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The modern Malay or Indonesian alphabet (Brunei, Malaysia and Singapore: Tulisan Rumi, literally "Roman script" or "Roman writing", Indonesia: Aksara Latin, literally "Latin script"), consists of the 26 letters of the ISO basic Latin alphabet. It is the more common of the two alphabets used today to write the Malay language, the other being Jawi (a modified Arabic script). The Latin Malay alphabet is the official Malay script in Indonesia (as Indonesian), Malaysia (also called Malaysian) and Singapore, while it is co-official with Jawi in Brunei.
Historically, various scripts such as Pallava, Kawi and Rencong were used to write Old Malay, until they were replaced by Jawi during Islamic missionary mission in Malay Archipelago. And then later, the arrival of European colonial powers brought the Latin alphabet to the Malay Archipelago.
As the Malay-speaking countries were divided between two colonial administrations (the Dutch and the British), two major different spelling orthographies were developed in the Dutch East Indies and British Malaya respectively, influenced by the orthographies of their respective colonial tongues. The Soewandi Spelling System (or the Republic Spelling System after independence), used in the Dutch East Indies and later in independent Indonesia until 1972, was based on the Dutch alphabet. In 1972, as part of the effort of harmonizing spelling differences between the two countries, Indonesia and Malaysia each adopted a spelling reform plan, called the Perfected Spelling System (Ejaan Yang Disempurnakan) in Indonesia and the New Rumi Spelling (Ejaan Rumi Baharu) in Malaysia.
Letter names and pronunciations
The names of letters differ between Indonesia and rest of the Malay-speaking countries. Indonesia largely follows the letter pronunciation of the Dutch alphabet, while Malaysia, Brunei and Singapore follow the English alphabet pronunciation.
Regardless of the pronunciation, however, the letters represent the same spelling in all Malay-speaking countries. The Malay alphabet has a phonemic orthography; words are spelled the way they are pronounced, with few exceptions like the distinctions between /ə/ and /e/ where it both written as Ee. The letters Q, V and X are rarely encountered, being chiefly used for writing loanwords.
|Letter||Name (in IPA)||Sound|
|Indonesia||Malaysia, Brunei and Singapore||IPA||English equivalent|
|Malaysia, Brunei, Singapore||Indonesia|
|Aa||a (/a/)||e (/e/)||/a/||a as in father|
|/ə/ ~ /a/||-||a as in sofa|
|Bb||bé (/be/)||bi (/bi/)||/b/||b as in bed|
|Cc||cé (/t͡ʃe/)||si (/si/)||/t͡ʃ/||ch as in check|
|Dd||dé (/de/)||di (/di/)||/d/||d as in day|
|Ee||é (/e/)||i (/i/)||/ə/||e as in tolerant|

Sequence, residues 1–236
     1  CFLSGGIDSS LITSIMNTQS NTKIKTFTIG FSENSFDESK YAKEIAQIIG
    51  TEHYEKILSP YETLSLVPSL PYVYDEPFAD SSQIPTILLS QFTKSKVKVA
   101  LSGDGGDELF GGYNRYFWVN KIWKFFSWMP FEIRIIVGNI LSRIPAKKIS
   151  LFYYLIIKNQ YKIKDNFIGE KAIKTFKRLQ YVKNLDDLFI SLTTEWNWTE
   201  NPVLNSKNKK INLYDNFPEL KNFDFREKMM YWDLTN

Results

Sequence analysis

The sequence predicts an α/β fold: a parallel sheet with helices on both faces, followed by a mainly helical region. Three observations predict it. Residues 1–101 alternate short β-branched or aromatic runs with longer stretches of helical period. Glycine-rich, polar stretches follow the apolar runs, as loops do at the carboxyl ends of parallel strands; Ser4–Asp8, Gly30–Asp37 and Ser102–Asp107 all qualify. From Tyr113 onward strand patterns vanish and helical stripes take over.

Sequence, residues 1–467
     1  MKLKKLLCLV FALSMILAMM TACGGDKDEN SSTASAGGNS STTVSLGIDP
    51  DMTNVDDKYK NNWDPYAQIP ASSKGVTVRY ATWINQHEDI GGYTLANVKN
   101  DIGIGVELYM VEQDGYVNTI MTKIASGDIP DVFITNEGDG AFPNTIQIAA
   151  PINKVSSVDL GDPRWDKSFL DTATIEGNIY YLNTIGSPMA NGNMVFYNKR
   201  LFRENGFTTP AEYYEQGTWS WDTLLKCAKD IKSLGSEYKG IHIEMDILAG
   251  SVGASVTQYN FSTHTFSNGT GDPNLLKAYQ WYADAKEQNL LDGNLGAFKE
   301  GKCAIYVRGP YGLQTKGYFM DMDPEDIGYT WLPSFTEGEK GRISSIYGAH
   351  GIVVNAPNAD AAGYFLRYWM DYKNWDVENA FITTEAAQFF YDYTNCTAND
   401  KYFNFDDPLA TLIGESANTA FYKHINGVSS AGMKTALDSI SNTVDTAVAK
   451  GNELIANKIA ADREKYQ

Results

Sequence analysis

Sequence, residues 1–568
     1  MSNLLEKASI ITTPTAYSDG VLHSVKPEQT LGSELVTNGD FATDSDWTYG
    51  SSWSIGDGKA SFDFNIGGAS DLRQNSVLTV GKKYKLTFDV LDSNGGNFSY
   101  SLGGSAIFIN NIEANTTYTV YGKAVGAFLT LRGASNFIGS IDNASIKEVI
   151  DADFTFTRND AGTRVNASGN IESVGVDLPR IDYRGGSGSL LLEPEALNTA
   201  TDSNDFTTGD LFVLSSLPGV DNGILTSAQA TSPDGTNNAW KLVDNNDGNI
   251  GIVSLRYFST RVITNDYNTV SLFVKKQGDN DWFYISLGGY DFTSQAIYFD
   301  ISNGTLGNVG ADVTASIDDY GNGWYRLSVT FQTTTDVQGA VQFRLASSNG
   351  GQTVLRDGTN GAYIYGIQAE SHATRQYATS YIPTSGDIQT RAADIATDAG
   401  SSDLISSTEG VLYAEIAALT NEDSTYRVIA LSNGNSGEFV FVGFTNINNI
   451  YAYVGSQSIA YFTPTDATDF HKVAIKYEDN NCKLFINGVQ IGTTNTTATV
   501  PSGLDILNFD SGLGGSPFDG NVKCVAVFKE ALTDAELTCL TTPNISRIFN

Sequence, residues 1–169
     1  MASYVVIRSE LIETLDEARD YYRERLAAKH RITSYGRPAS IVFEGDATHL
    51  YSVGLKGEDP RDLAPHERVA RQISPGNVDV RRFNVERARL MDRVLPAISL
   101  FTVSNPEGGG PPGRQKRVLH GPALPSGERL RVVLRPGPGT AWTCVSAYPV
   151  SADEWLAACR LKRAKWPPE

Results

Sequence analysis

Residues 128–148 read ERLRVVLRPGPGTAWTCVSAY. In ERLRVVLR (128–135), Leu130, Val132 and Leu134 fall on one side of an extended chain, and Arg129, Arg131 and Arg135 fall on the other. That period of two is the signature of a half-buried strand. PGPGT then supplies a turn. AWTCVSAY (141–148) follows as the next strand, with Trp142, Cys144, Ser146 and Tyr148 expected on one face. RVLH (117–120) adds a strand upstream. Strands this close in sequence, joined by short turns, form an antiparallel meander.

|/e/||e as in hey|
|/e/||/ɪ/||e as in packet|
|/ɛ/||e as in get|
|Ff||éf (/ef/)||éf (/ef/)||/f/||f as in effort|
|Gg||gé (/ge/)||ji (/d͡ʒi/)||/ɡ/||g as in gain|
|Hh||ha (/ha/)||héc (/het͡ʃ/)||/h/||h as in harm|
|Ii||i (/i/)||ai (/ai̯/)||/i/||i as in machine, but shorter|
|/e/||/ɪ/||i as in igloo|
|Jj||jé (/d͡ʒe/)||jé (/d͡ʒe/)||/d͡ʒ/||j as in jam|
|Kk||ka (/ka/)||ké (/ke/)||/k/||unaspirated k as in skate|
|Ll||él (/el/)||él (/el/)||/l/||l as in let|
|Mm||ém (/em/)||ém (/em/)||/m/||m as in mall|
|Nn||én (/en/)||én (/en/)||/n/||n as in net|
|Oo||o (/o/)||o (/o/)||/o/||o as in owe|
|/ɔ/||o as in bought, but shorter|
|Pp||pé (/pe/)||pi (/pi/)||/p/||unaspirated p as in speak|
|ki (/ki/)||kiu (/kiu/ or /kju/)||/q/ ~ /k/||q as in Qatar|
|Rr||ér (/er/)||ar (/ar/ or /a:/)||/r/||Spanish rr as in puerro|
|Ss||és (/es/)||és (/es/)||/s/||s as in sun|
|Tt||té (/te/)||ti (/ti/)||/t/||unaspirated t as in still|
|Uu||u (/u/)||yu (/ju/)||/u/||u as in rule, but shorter|
|/o/||/ʊ/||oo as in foot|
|Vv||vé (/ve/ or /fe/)||vi (/vi/)||/v/ ~ /f/||v as in van|
|Ww||wé (/we/)||dabel yu (/dabəlˈju/)||/w/||w as in wet|
|Xx||éks (/eks/)||éks (/eks/)||/ks/||x as in box|
|/z/||/s/||x as in xenon|
|Yy||yé (/je/)||wai (/wai̯/)||/j/||y as in yarn|
|Zz||zét (/zet/)||zed (/zed/)||/z/||z as in zebra|
* Many vowels are pronounced (and were formerly spelt) differently in Peninsular Malaysia and Sumatra (where Malay is native): tujuh is pronounced (and was spelt) tujoh, rambut as rambot, kain as kaen, pilih as pileh, etc., [e] and [o] are also allophones of /i/ and /u/ in closed final syllables in peninsular Malaysian and Sumatran. Many vowels were pronounced and formerly spelt differently that way also in East Malaysia, Brunei, and Indonesia.
|Malaysia, Brunei and Singapore||Indonesia|
|ai||/ai̯/||uy as in buy|
|au||/au̯/||ou as in ouch|
|oi||/oi̯/||/ʊi̯/||oy as in boy|
|gh||/ɣ/ ~ /x/||similar to Dutch and German ch, but voiced|
|kh||/x/||ch as in loch|
|ng||/ŋ/||ng as in sing|
|ny||/ɲ/||Spanish ñ; similar to ny as in canyon with a nasal sound|
|sy||/ʃ/||sh as in shoe|
Pre-1972 spelling system
|Upper case||A||B||C||D||E||Ē (pre-1947)||F||G||H||I||J||K||L||M||N||O||P||Q||R||S||T||Oe (1901)/U (1947)||V||W||X||Y||Z|
|Lower case||a||b||c||d||e||ē (pre-1947)||f||g||h||i||j||k||l||m||n||o||p||q||r||s||t||oe (1901)/u (1947)||v||w||x||y||z|
|1927 Za'aba Spelling System
(Malaysia, Brunei, Singapore)
|1901 Van Ophuijsen Spelling System,
1947 Soewandi Spelling System
|Malaysia, Brunei, Singapore||Indonesia|
- Before a spelling reform in 1972, Indonesia would disambiguate /e/ as é and /ə/ as e, and Malaysia /e/ as e and /ə/ as ĕ. The spelling reform removed the diacritics and use e to represent both /e/ and /ə/.
- Pusat Rujukan Persuratan Melayu (2014), Ejaan Rumi Baharu Bahasa Malaysia, retrieved 2014-10-04
- "Malay (Bahasa Melayu / بهاس ملايو)". www.omniglot.com.
- This page is based on the Wikipedia article Malay orthography; it is used under the Creative Commons Attribution-ShareAlike 3.0 Unported License (CC-BY-SA). You may redistribute it, verbatim or modified, providing that you comply with the terms of the CC-BY-SA.